CEOs work hard to get it right, but sometimes there are slips with their most important assets: their employees. It’s hard to run an organization where some things can go awry, but it happens all too frequently. From not developing staff to its full potential to not fostering team building, these issues can hold companies back. By knowing the potholes, chief executives can place their company on the right trajectory.
The biggest mistake CEOs make is not mentoring the development and growth of their staff, said Rick Snyder, CEO of Three Hats, a business consulting firm.
“This creates a stagnant culture and lack of buy-in, as they don't feel invested in personally,” Snyder said. “If you are only sticking to tasks and accountabilities and not their developmental growth, executives are missing a huge opportunity to have their employees take the brand to the next level.”
Another big mistake, according to Snyder, “is not listening to your gut in your next hire. Someone might seem like the perfect candidate on paper, but many managers will tell you that going on someone’s experiential background and skill set alone and not listening to your gut can be the biggest mistake you make in hiring. By learning to tune into your inner signals as well as the body language and nonverbal communication of your applicant, all the data you need is right in front of you.”
Many companies unwittingly let scores of future candidates get away, simply because they concentrate only on open requisitions. “They do this by failing to take the time to identify and build relationships with talent for possible future needs,” said Rachel Russell, Allegis Group's executive director of corporate strategy. “They often forget to maintain relationships with the ‘silver medalists’ who may be qualified for a role but were not chosen. And when a similar role comes open again, that candidate is not in the pool. Understanding talent needs ahead of time, and acting on a meaningful strategy, is no longer a nice-to-have approach; it is essential in a hyper-competitive talent and business environment.”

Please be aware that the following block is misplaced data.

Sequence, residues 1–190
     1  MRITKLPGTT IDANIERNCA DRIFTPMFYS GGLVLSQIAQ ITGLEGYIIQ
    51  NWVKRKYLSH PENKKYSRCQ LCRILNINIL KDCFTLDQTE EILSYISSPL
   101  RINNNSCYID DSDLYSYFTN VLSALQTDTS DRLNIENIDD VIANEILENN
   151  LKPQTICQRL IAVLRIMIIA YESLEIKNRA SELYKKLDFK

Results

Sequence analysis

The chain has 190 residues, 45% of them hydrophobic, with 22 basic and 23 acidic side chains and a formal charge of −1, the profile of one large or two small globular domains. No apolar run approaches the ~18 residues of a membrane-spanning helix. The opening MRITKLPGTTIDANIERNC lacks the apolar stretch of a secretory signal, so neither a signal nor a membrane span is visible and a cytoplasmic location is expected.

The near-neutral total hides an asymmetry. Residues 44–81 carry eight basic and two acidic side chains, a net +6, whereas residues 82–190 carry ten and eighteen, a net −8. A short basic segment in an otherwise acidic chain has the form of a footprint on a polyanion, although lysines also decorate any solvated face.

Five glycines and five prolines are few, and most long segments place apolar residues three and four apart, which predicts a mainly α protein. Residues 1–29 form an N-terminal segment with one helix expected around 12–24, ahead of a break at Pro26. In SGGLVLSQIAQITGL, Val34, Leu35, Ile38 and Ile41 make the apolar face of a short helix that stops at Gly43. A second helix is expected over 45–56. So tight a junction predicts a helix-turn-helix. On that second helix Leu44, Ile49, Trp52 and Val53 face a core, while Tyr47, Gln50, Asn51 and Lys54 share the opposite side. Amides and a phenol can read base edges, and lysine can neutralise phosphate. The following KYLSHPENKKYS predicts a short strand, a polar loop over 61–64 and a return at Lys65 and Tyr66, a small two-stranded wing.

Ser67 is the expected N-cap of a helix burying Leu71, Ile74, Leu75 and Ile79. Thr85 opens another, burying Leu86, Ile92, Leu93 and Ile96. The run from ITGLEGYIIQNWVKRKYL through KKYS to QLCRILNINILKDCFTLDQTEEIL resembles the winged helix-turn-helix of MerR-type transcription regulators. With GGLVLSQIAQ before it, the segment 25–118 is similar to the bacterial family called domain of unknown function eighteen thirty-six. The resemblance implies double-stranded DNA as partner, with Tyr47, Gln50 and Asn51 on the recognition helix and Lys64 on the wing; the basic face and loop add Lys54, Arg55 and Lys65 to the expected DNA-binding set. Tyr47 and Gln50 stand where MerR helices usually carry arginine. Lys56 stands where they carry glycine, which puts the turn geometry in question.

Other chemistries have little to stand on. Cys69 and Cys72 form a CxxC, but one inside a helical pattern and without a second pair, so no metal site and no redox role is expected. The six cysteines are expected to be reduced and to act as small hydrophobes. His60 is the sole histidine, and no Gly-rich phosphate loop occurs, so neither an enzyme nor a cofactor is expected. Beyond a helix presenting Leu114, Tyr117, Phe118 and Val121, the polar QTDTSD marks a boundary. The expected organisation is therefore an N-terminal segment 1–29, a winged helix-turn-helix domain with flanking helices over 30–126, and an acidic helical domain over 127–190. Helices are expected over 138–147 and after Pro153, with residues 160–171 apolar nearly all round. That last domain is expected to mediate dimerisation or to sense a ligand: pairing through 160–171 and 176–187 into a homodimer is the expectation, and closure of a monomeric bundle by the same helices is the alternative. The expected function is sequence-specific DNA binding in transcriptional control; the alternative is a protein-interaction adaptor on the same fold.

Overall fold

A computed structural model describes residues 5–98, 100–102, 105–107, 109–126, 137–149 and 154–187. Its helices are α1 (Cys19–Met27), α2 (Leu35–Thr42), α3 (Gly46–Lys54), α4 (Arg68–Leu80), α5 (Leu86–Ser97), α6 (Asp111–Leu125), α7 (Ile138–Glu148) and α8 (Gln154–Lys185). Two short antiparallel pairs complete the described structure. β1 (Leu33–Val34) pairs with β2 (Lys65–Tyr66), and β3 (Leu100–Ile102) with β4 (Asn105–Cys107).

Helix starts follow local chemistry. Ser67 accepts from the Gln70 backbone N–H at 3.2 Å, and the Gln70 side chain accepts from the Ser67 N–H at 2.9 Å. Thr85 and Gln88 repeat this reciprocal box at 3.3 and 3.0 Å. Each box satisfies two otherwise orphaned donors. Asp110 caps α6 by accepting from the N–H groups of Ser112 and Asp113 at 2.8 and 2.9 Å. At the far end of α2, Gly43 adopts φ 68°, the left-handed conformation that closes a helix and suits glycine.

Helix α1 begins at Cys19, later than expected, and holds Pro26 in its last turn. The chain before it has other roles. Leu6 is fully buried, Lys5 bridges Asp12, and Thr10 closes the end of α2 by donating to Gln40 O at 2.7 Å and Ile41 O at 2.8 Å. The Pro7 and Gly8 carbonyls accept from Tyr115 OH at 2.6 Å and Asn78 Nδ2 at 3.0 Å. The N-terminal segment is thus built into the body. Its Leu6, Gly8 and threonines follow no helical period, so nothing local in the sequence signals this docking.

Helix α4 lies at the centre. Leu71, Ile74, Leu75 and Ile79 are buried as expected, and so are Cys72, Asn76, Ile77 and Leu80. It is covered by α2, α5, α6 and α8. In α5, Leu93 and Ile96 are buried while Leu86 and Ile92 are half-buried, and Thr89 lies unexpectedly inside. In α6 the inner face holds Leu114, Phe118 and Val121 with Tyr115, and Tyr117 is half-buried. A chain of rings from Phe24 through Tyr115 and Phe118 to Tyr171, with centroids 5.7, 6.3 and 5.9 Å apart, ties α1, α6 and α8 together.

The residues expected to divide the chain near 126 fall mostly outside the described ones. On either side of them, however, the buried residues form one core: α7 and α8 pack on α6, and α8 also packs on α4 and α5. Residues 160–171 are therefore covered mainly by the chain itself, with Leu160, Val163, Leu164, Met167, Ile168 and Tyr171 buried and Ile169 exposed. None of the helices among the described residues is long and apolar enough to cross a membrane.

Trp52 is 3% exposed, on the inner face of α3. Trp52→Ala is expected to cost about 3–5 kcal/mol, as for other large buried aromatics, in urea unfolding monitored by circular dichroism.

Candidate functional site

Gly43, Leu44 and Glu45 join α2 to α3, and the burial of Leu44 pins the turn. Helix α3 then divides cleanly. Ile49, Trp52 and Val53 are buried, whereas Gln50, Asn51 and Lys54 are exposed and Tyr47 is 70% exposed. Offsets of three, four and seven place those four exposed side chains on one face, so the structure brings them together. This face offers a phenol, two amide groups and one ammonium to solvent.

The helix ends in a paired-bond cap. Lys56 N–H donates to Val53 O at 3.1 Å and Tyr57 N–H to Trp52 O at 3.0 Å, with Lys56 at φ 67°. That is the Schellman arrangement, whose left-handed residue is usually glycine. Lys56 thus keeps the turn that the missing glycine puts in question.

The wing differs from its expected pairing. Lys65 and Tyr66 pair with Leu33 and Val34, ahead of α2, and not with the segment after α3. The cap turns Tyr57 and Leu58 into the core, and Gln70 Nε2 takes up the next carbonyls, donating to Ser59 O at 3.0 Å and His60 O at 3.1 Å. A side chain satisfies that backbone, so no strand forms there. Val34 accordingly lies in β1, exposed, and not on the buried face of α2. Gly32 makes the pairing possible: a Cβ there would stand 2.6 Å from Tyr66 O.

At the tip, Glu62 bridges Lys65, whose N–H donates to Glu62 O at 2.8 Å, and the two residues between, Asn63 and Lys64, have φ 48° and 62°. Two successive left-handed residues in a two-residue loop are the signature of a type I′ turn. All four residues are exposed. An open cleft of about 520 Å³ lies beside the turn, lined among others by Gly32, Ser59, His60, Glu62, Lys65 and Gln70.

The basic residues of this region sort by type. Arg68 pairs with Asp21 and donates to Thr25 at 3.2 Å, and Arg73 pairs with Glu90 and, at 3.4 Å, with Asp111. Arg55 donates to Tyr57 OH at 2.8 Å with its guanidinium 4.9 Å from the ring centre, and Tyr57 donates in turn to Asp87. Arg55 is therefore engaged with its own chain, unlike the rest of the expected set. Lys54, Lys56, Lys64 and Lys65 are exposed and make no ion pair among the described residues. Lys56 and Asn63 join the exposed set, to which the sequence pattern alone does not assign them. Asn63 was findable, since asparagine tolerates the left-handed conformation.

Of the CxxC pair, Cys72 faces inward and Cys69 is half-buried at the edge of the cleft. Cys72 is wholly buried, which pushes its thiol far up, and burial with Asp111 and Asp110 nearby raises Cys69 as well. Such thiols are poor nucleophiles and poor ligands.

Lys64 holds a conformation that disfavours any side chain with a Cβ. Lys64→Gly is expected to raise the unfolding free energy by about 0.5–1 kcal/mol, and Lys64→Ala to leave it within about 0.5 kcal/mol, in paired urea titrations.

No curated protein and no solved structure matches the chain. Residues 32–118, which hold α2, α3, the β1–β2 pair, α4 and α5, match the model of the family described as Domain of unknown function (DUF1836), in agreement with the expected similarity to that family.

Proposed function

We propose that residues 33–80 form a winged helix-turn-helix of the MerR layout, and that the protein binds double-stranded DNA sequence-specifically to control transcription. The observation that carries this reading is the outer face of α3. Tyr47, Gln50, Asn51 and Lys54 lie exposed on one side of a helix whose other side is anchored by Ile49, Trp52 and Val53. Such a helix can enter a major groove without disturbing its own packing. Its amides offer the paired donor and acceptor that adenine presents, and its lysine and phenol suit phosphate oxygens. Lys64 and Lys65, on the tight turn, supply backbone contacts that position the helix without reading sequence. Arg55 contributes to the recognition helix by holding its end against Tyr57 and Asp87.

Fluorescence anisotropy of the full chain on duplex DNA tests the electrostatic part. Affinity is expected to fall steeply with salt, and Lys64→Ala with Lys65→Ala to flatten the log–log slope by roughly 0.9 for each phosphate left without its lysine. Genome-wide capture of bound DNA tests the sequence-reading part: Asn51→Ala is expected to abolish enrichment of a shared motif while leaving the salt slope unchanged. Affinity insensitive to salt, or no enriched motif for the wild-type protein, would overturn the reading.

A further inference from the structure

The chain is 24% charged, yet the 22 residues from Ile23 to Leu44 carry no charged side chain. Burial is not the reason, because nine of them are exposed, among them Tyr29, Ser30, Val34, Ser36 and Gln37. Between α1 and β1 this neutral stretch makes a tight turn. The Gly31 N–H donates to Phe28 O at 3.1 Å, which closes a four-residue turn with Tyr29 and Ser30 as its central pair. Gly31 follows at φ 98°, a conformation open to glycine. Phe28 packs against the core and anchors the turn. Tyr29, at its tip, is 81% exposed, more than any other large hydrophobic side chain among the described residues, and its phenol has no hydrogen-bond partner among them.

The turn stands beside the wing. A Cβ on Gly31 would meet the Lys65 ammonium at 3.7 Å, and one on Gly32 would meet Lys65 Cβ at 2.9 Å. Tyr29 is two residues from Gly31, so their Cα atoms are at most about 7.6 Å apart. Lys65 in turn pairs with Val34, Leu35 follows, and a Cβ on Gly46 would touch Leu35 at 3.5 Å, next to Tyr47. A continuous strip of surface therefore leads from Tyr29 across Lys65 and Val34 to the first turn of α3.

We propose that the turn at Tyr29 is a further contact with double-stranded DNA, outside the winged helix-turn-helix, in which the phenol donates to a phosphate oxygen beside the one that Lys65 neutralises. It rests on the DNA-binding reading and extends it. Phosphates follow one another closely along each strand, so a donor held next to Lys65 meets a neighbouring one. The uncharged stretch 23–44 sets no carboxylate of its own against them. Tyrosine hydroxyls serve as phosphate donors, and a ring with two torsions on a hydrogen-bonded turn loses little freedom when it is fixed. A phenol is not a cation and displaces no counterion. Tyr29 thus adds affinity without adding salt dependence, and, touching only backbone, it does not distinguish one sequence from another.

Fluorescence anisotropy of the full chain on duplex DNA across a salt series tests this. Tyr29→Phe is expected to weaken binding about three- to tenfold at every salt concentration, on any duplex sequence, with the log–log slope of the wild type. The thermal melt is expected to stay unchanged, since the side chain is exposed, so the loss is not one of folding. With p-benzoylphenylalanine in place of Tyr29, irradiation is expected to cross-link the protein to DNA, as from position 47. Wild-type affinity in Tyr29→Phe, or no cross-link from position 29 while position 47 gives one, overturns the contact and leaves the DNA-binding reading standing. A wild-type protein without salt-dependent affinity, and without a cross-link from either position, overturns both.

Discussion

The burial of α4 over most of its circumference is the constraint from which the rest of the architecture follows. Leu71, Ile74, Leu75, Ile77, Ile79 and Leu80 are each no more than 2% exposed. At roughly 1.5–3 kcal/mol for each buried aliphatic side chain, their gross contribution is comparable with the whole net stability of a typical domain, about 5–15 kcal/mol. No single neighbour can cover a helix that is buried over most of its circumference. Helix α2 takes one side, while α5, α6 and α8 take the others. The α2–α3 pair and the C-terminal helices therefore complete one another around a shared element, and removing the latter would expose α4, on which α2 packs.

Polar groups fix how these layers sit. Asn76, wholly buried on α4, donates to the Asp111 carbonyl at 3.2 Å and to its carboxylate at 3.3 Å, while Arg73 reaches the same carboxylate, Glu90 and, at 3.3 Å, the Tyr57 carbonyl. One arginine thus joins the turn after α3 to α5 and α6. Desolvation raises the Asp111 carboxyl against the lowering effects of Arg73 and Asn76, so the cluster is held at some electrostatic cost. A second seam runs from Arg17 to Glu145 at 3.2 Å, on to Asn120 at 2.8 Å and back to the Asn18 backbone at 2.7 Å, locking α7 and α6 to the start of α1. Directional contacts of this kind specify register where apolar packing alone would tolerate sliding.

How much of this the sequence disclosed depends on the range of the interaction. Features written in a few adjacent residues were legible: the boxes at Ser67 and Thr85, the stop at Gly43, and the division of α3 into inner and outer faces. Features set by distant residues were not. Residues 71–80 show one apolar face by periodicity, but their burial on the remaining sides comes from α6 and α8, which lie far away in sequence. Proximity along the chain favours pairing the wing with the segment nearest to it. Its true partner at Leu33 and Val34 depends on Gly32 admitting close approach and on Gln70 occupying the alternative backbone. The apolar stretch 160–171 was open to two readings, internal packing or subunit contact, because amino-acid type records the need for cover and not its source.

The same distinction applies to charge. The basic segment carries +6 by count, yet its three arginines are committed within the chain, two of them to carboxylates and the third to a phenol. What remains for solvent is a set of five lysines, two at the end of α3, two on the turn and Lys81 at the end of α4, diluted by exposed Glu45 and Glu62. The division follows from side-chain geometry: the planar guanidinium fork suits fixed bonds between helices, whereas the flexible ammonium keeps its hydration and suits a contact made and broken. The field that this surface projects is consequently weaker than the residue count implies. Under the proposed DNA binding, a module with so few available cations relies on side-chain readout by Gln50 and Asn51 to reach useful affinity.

Don’t assume your company’s success is relevant to the job candidate, Russell said. “Often, candidates have skills that are in demand across multiple industries, especially when you think about IT and data science specialists, as well as developers. If you reach out to the candidate as the leader and think that’s a slam-dunk selling point, you may be in for a rude awakening. Especially for in-demand talent, you have to first sell them on the idea that your industry can advance their career. Personalize the value proposition. How can you develop their skills, promote them, give them interesting work that’s meaningful to the world, and grow their compensation and overall well-being?”
Companies fail to set employees up for success by giving them a strong, valuable onboarding experience, said Leela Srinivasan, CMO of Lever. “Too often, new hires are left to sink or swim.”
Companies also fail to help employees make relationships across the organization, which can help them build empathy for their peers and feel connected to something meaningful, Srinivasan said. “The biggest talent management mistake that companies routinely make is treating hiring like a transaction, rather than the beginning of a win-win life cycle for employee and company alike.”
"CEOs frequently underutilize the top one hundred people in their organization as tools for communicating the vision of the company," says Stephen Miles of The Miles Group. "The three layers—a CEOs’ direct reports (typically the top eight to 11 executives); the next level of direct reports (another 20 to 30 executives); and then those who fill out the top 100 in a company—are where a CEO can create leverage of inspiration, influence, and alignment. Engaging all three layers by connecting them and their roles to the overall strategy of the company has a dramatic impact on the broader organization. They are the ones who will cascade the strategy and get more people aligned to drive the strategy forward."